Archive for Unisex
1. “People Living With HIV/AIDS”. This is often abbreviated as “PLWHA”, “PLWA”, “PLHIV”, or “People Living Positively” has also been used.
Related: “positive”, HIV+, HIV positive
Ex: “The number of PLWHA in the United States has increased at lower rates than in other parts of the world.”
[Origin: American, but used widely. http://en.wikipedia.org/wiki/HIV-positive_people%5D
Minorities and oppressed peoples often reappropriate words and phrases that are used to disparage them as a means of empowerment. Pejoratives like ‘queer’, and ‘faggot’ have long been used to hurt gay people, but over the years have been reclaimed and even used by the general populace as well.
And in some cases, this reappropriation is so successful as to turn a previously disparaging word into the preferred term: for example, ‘gay’, previously an insult, is now strongly preferred to ‘homosexual’, both as an adjective and a noun. [wiki: reappropriation] ‘Gay’ may be used over ‘homosexual’ so as not to identify solely on the basis of sexuality.
‘Homosensual’ is a new and creative portmanteau (a combination of two words and a favorite of Word of the Gay) being used by comedians Bryan Safi and Erin Gibson on their weekly podcast, “Throwing Shade.”
-adjective or noun, portmanteau
1. the combination of the terms ‘homosexual’ and ‘sensual’.
2. adjective: of or pertaining to the homosexual senses or physical sensation; sensory.
3. adjective: pertaining to, inclined to, or preoccupied with the gratification of the senses or homosexual appetites; carnal; fleshly.
4. adjective: arousing or exciting the senses or appetites of a gay person.
5. noun: a sensual gay person, in most instances a gay man.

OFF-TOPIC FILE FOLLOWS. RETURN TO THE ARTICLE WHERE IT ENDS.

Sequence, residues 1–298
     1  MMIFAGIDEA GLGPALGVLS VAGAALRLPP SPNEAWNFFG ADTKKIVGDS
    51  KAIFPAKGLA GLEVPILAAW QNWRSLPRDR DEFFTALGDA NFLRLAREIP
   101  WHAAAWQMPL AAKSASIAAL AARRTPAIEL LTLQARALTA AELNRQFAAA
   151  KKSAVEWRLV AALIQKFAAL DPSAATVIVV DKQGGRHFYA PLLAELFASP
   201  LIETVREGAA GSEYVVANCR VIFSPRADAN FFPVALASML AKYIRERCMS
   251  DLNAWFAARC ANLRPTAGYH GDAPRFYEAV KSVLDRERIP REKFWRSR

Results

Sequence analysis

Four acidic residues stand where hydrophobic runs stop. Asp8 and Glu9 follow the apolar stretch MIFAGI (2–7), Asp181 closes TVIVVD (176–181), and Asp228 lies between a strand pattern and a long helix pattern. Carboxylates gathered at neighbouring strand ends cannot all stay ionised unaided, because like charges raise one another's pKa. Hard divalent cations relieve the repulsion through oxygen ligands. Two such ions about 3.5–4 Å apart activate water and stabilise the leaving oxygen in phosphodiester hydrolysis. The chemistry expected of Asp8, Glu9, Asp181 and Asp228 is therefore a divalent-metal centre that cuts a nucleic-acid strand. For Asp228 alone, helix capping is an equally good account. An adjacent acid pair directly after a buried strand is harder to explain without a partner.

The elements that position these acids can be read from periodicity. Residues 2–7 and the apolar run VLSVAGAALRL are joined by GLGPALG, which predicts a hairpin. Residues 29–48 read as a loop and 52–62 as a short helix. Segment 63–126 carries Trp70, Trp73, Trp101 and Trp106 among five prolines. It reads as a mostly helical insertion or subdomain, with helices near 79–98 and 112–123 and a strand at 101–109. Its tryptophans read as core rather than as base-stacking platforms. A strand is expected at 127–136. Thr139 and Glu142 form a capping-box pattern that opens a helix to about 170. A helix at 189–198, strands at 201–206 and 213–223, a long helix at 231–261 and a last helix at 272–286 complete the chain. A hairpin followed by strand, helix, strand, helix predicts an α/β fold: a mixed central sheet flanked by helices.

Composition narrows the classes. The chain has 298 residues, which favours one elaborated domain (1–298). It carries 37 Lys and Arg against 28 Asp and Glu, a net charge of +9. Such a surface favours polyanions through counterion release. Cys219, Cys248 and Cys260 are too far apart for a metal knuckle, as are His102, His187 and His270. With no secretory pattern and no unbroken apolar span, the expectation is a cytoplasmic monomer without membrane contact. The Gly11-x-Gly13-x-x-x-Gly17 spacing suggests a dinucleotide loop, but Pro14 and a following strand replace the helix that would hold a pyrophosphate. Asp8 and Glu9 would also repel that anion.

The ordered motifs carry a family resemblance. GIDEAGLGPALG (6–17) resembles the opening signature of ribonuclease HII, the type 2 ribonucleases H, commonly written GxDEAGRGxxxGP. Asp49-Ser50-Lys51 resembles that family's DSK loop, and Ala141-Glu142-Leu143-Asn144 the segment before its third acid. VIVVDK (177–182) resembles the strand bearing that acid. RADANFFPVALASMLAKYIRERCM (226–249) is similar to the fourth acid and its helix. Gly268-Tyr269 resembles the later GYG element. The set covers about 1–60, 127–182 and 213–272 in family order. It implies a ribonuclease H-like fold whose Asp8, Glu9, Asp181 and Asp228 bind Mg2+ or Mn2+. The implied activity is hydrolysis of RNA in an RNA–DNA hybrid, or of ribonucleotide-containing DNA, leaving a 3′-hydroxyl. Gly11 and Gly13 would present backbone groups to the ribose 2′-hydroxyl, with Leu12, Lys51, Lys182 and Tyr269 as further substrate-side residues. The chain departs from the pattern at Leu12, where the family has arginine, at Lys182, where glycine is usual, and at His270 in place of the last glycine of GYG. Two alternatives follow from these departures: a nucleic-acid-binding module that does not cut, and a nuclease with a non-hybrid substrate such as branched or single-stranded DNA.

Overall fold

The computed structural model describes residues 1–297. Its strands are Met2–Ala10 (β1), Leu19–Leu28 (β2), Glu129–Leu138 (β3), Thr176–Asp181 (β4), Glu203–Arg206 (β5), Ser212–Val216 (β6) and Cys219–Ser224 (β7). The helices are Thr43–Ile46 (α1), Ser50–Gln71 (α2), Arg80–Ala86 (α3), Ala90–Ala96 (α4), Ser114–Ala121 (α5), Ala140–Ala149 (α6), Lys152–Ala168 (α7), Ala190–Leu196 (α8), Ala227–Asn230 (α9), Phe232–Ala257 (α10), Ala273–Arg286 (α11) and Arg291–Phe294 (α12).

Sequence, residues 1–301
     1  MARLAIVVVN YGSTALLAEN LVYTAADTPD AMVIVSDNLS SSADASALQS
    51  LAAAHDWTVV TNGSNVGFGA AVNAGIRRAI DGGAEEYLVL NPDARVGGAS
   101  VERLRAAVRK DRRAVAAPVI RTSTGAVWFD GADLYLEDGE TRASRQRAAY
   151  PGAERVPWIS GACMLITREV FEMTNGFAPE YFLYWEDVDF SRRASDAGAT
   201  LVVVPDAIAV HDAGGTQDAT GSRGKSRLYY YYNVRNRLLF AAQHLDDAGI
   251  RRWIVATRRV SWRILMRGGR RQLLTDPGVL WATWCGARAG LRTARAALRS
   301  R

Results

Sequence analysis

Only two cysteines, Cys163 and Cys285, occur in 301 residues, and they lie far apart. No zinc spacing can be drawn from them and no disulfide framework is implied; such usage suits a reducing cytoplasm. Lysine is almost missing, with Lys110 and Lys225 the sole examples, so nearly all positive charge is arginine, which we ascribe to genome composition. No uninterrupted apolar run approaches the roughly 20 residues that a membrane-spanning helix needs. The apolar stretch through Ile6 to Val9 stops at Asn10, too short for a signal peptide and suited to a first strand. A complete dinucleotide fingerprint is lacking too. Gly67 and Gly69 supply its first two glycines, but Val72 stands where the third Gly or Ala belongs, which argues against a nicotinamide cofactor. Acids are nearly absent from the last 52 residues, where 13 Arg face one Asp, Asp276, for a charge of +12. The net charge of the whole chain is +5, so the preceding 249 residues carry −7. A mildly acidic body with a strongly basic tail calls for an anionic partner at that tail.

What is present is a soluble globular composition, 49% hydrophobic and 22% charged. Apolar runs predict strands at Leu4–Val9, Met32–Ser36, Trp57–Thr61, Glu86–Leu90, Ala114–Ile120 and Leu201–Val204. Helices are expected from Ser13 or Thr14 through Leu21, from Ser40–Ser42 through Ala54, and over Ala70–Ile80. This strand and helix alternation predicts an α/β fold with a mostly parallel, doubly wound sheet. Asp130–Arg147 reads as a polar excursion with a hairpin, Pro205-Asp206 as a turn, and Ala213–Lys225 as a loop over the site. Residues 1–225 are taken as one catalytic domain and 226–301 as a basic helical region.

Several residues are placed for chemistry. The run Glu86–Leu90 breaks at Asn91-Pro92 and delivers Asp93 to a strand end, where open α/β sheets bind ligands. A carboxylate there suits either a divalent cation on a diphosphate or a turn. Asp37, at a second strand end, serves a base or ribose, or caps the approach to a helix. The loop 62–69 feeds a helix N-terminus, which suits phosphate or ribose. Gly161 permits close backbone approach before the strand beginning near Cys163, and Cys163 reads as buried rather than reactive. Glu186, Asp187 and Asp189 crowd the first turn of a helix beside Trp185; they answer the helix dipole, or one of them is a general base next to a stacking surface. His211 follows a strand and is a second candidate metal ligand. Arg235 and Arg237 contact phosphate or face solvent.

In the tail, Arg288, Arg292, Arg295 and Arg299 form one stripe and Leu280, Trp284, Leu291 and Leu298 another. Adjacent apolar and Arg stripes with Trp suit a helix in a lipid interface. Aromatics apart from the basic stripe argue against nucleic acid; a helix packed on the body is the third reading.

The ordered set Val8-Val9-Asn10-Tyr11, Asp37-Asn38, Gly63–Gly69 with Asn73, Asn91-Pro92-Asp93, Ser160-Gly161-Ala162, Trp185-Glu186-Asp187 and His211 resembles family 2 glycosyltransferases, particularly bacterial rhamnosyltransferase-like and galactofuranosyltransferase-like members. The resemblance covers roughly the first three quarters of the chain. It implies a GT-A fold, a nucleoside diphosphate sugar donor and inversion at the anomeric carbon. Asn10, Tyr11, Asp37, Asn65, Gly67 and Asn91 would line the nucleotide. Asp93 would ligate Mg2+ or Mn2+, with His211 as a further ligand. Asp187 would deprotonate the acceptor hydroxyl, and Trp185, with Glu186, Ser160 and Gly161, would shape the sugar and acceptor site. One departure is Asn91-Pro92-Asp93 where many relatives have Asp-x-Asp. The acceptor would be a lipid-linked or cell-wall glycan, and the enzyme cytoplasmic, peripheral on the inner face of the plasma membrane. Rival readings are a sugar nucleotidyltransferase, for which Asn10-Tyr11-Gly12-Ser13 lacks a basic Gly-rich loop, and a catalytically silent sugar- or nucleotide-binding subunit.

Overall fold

6. see also: “Double Headed Disco” party by the same name.
Related: homo, gay, homosexual, sensual
Ex: “God, he’s so homosensual.”
Ex: “Hi, I’m homosensual Bryan Safi.”
[Origin: American. Used by Bryan Safi and Erin Gibson in the opening of the weekly podcast, “Throwing Shade”. Root: ‘Sensual’: 1400-50 late Middle English, from Latin ‘sensus’ sense.]
Avoiding a subject that you are confused by, or uncomfortable with, is something that most people deal with at some point in their life. However, when dealing with sexual orientation, and/or gender identity and expression, some people find it so difficult that they are unable to use the proper pronouns to describe or refer to someone else. And unfortunately, far too many individuals (in my opinion) use this “pronoun dance” to avoid speaking about someone else’s sexual orientation or gender identity, or to speak about their own open and honestly.
When someone transitions from one gender to another, their family and friends, and extended network of acquaintances, colleagues, etc. can find it confusing and difficult to discuss that person in conversation. For some, discussing someone else’s new identity who has transitioned from one gender to another can be difficult , especially when they were so familiar with their old identity. Remembering to keep names and pronouns straight is a very important thing to be able to do for someone who is trans. However, it’s only a fraction of the trans experience and the complexity of their experience. Due to this, it is not uncommon for some to mistakenly refer to someone using their former identity (either by name or by pronoun); in a worst-case scenario, the use of gender-neutral pronouns are used to avoid the subject.